1. Brain neuroplasticity and behavioral development in adolescence

Adolescence is widely conceptualized as a period of time when individuals engage in more risk-taking behavior, at least as compared to childhood and adulthood. The reasons for this increase have not been fully explained from a scientific perspective. Within our lab, we are investigating the longitudinal development of executive functions, such as working memory, planning, and inhibitory control, in typically-developing adolescents as a function of both age and pubertal development. The literature suggests that these abilities improve at a steady rate through adolescence and into adulthood.

We are also examining brain structure in relation to the development of executive function.  Brain-based changes commonly observed through adolescence include declines in cortical gray matter, declines in cortical thickness, increases in white matter extent, and evidence of increased fronto-striatal connectivity. In our work, we have attempted to define links between these normative neurodevelopmental processes and behavior.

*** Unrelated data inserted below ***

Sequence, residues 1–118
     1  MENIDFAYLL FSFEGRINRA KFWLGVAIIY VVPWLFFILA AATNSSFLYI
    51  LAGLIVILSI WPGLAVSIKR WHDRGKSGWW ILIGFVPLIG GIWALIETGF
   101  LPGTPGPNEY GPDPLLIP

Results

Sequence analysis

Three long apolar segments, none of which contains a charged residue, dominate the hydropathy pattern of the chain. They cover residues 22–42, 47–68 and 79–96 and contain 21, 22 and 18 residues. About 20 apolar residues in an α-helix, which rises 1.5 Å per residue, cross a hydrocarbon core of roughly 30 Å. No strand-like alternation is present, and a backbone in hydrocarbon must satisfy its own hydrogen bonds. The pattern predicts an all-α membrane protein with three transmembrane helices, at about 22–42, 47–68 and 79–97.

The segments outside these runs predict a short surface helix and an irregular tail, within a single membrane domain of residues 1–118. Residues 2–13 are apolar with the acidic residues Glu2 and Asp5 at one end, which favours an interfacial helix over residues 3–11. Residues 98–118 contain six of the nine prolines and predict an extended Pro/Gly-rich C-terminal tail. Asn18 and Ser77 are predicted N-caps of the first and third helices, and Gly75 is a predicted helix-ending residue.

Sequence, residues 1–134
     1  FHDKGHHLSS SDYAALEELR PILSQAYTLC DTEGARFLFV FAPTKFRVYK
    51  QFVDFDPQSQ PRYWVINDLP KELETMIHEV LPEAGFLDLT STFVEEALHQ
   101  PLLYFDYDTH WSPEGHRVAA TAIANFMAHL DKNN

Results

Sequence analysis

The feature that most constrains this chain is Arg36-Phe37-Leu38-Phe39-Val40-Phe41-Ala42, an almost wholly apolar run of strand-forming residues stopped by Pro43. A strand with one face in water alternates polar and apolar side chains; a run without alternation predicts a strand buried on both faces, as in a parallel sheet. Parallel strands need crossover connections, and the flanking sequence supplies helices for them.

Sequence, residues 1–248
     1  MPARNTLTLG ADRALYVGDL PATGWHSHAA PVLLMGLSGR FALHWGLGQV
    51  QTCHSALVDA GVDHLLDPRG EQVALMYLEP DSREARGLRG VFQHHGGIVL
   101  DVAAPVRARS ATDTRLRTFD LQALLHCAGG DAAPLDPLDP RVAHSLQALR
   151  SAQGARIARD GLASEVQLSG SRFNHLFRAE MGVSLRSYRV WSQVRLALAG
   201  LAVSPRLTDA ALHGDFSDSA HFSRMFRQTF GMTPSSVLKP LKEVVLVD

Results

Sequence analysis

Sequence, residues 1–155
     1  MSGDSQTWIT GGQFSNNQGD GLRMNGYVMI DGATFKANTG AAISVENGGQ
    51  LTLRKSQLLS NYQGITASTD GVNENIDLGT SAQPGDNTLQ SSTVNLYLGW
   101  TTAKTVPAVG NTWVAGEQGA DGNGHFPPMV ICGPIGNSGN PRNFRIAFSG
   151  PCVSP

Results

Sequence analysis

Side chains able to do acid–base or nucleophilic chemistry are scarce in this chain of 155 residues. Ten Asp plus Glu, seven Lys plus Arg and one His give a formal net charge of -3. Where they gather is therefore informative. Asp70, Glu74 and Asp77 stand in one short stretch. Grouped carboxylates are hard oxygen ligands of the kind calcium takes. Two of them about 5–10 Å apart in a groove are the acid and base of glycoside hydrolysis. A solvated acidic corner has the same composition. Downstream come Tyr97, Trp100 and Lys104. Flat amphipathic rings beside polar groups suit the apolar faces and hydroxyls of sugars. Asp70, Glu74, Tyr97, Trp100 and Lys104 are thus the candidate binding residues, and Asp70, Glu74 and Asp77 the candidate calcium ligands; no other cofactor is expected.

In recent years, models of adolescent development have expanded from a primary focus on executive function and its development to the consideration of motivational factors that also impact behavior. In our lab, we are most interested in positive motivation--that is, the circumstances under which people pursue positive goals and rewards. Our group has theorized that positive motivation has a basis in the brain’s dopamine system, and our group has described the circuitry involved in this association. We have hypothesized that increases in dopamine activity underlie a shift that occurs during adolescence where sensitivity to positive incentives increases before declining to more typical levels as adulthood is reached. Our work coheres with other dual systems models of adolescent development in suggesting (a) that adolescence is a period of time when positive incentive motivation exerts a strong influence over behavior and (b) that this drive is difficult for the still-developing prefrontal cortex to fully control. This work has implications for many forms of psychopathology that emerge during adolescence.